Does integrated emergency care reduce mortality and non-elective admissions? a retrospective analysis
- Correspondence to Dr Adrian Boyle, Emergency Department, Addenbrookes Hospital, Hills Road, Cambridge CB2 2QQ, UK;
Contributors AB, TB, JF and SR conceived the study. VA commented and developed the methods. All authors were involved in drafting the manuscript.
- Accepted 14 February 2011
- Published Online First 17 March 2011
Objectives The authors reconfigured the emergency care system of Addenbrookes Hospital, Cambridge. The medical admissions unit and the emergency department (ED) have been combined into one emergency assessment unit. This paper aims to determine if reconfiguration has reduced non-elective hospital admissions and reduced mortality for non-elective admissions.
Design A retrospective ‘before and after’ study in a teaching hospital. Routinely collected data were used to evaluate the effectiveness of this approach.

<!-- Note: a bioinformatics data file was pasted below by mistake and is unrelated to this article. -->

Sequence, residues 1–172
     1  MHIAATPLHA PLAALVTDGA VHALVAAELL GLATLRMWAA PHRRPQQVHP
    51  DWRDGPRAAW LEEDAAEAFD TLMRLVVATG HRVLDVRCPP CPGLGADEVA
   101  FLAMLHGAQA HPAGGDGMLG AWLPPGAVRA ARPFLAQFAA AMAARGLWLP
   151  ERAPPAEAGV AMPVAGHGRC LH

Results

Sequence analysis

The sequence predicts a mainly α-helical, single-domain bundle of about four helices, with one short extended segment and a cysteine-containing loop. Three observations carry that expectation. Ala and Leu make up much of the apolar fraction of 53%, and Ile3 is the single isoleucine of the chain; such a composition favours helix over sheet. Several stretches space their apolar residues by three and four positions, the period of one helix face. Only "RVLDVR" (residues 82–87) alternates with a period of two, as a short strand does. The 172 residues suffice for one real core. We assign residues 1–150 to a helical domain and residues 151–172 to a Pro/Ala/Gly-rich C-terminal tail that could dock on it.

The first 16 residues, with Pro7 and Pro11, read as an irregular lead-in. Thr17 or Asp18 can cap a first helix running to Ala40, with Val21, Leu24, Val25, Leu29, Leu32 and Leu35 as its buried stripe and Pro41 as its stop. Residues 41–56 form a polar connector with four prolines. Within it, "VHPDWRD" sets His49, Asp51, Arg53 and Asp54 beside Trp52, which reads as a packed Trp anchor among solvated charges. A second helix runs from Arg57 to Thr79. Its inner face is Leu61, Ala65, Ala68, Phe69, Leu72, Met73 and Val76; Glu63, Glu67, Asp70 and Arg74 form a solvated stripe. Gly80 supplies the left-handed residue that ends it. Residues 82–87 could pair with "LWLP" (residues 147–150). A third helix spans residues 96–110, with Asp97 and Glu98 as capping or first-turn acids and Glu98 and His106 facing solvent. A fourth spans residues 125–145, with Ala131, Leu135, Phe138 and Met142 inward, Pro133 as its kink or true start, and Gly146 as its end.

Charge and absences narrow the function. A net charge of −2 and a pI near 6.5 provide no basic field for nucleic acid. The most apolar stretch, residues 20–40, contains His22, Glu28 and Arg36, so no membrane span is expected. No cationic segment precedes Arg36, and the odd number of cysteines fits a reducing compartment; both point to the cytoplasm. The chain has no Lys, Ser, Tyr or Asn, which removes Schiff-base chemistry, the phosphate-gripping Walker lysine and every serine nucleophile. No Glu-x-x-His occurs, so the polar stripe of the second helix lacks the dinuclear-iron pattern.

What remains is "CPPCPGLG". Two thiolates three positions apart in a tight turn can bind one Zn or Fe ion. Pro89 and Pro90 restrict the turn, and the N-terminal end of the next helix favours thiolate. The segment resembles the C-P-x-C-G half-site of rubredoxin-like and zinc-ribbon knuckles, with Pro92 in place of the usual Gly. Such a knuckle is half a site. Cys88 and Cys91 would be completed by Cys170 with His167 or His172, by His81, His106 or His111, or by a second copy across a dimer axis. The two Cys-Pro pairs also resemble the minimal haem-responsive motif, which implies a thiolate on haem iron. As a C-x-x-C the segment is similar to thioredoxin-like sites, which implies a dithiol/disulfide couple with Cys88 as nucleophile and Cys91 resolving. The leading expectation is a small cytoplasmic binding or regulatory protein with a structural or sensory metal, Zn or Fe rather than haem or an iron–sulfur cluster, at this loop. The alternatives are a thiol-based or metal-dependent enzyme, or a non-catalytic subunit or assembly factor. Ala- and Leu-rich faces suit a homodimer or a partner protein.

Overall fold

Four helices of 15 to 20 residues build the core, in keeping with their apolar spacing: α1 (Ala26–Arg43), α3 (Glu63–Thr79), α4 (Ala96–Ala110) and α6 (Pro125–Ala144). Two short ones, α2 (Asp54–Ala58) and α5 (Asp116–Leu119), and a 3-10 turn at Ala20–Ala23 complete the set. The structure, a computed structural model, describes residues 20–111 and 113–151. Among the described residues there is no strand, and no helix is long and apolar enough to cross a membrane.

Setting One acute trust in the UK.
Main outcome measures Inhospital mortality rates and standardised admission ratios (SAR) between 2003 and 2009.
Results There was a significant trend towards improved survival, both for non-elective admissions and deaths in the ED (z=−3.92; p>0.001), despite the age and acuity of patients increasing. There was a marked decrease in the SAR. Formal complaints, incident reports and the proportion of patients leaving before treatment declined, whereas the proportion of patients re-admitted as an emergency within 28 days did not change.
Conclusions Integrating emergency care within a hospital reduces hospital admissions, is associated with reduced inhospital mortality and a better quality of care.
- Cardiac care
- care systems
- cost effectiveness
- emergency care systems
- emergency departments
- emergency department management
Competing interests None.
Provenance and peer review Not commissioned; externally peer reviewed.